For sale, souvenirs of the bank that wasn't too big to fail

If the senior executives of Lehman Brothers sought an omen as they contemplated the biggest bankruptcy in history on 15 September 2008, they need have looked no further than one of the oil paintings hung on the walls of the boardroom in London's Canary Wharf – a dramatic depiction of a ship being wrecked in heaving seas.

Sadly for Lehmans' creditors, the presence of the canvas – suitably entitled A Dismasted Frigate Wallowing in a Gale – did nothing to avert a $600bn financial disaster. But those left out of pocket can at least take small comfort from the fact that the painting will be sold next week for their benefit, along with 300 other bankers' baubles ranging from two Lucian Freud sketches to a collection of "pillows" carved from semi-precious stones.

The corporate art collection amassed by the merchant bank to decorate its 1 million sq ft European headquarters in Canary Wharf was put on show yesterday ahead of a sale by Christie's next Wednesday which is expected to net around £1.3m – or 0.0003 per cent of the total losses of the institution.

Among the items being offered at the auction, are the 10ft-long company sign prised off the wall of the 31-floor HQ building (valued at £2,000 to £3,000) and a selection of high-end office fripperies including two copies of the complete works of Shakespeare (£200-£500), an ivory-handled tea caddy (£500-£800) and eight cut-glass ink wells (£800 to £1,200).

There are also tantalising glimpses of the way in which Lehmans' considered itself to be an unshakeable part of global finance. The first lot in the sale is a plaque commemorating the opening of the Canary Wharf building in 2004 by Gordon Brown, then Chancellor. Benjamin Clark, director of corporate collections at Christie's, said: "We look forward to presenting what is a fascinating glimpse into the history of what was a giant of the financial world."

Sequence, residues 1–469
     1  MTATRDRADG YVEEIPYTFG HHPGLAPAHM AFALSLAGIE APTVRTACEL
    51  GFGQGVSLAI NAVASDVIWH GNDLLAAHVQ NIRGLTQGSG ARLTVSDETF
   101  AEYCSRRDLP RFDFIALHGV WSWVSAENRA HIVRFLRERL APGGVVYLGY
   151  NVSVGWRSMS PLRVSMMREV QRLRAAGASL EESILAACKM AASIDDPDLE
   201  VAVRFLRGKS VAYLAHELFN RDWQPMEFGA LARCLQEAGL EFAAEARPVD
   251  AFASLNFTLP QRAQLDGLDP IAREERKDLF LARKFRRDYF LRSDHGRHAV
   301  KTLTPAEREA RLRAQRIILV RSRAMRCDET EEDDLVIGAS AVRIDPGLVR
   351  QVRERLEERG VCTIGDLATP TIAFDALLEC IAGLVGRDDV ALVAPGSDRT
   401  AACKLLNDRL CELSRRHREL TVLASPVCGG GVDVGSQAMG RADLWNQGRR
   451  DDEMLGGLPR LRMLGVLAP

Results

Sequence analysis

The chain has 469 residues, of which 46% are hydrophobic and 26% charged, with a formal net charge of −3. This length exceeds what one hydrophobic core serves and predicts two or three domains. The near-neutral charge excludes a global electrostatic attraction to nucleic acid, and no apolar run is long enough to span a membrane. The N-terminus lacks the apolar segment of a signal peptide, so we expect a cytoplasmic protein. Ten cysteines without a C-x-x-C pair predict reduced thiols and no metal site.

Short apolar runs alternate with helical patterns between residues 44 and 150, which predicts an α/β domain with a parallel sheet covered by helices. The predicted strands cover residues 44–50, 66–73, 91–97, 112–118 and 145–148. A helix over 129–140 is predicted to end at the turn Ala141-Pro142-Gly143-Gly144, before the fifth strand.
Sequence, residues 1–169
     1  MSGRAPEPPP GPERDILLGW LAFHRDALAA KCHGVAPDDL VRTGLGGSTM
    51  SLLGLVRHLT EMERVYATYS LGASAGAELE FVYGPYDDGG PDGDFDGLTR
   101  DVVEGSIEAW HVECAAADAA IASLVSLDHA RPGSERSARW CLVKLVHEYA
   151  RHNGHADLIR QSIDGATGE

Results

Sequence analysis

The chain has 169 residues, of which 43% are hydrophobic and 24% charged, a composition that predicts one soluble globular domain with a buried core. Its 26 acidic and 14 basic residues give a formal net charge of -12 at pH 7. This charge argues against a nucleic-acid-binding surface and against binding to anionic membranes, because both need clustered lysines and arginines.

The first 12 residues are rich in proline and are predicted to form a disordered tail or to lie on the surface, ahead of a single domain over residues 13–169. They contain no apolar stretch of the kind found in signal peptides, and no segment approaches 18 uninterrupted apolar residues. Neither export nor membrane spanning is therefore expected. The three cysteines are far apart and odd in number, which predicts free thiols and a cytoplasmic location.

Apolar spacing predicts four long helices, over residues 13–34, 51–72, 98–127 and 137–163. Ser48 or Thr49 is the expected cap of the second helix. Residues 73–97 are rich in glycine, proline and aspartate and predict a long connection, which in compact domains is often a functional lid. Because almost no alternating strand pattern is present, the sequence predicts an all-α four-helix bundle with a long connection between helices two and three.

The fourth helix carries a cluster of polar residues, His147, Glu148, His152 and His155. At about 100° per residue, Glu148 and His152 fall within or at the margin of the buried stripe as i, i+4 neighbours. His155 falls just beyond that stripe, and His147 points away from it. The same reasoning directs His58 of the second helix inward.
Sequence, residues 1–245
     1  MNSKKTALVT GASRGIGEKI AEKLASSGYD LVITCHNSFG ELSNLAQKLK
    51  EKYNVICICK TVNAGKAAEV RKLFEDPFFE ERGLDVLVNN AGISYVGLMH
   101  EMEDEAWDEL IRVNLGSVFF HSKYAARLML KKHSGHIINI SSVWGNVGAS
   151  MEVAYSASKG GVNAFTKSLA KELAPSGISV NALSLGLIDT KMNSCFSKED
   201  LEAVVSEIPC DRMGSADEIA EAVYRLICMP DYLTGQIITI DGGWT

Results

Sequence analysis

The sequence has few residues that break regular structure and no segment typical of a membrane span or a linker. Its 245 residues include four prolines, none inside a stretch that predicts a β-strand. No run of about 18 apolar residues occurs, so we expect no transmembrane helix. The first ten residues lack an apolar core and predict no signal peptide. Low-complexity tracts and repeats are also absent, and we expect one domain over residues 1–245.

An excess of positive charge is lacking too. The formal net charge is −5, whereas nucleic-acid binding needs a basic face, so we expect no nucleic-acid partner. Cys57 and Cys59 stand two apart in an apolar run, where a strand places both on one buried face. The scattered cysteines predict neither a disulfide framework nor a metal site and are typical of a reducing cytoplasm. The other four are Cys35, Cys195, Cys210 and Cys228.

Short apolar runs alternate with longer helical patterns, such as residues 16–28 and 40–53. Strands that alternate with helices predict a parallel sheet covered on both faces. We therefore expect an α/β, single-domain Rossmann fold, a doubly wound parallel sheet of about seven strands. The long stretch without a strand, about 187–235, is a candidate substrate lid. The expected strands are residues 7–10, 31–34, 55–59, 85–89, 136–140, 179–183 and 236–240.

The 300 lots include a large number of works by modern artists including Gary Hume, Robert Rauschenberg and Andreas Gursky, whose large photograph of a frenetic New York Stock Exchange is the most expensive work in the collection and will be sold separately next month with a value of between £100,000 and £150,000.

Under the guiding hand of the founding Lehman family, the bank had collected art and furniture since the 19th century. PricewaterhouseCoopers (PWC), the liquidators of what is left of the bank, said the more traditional works, including the collection of 18th-century maritime art, were distributed around the top floor of the building used by the most senior executives.

The modern works were put on display for the lower ranks, including a photo collage by Al Souza entitled Melon Balls which was put up outside the staff restaurant.

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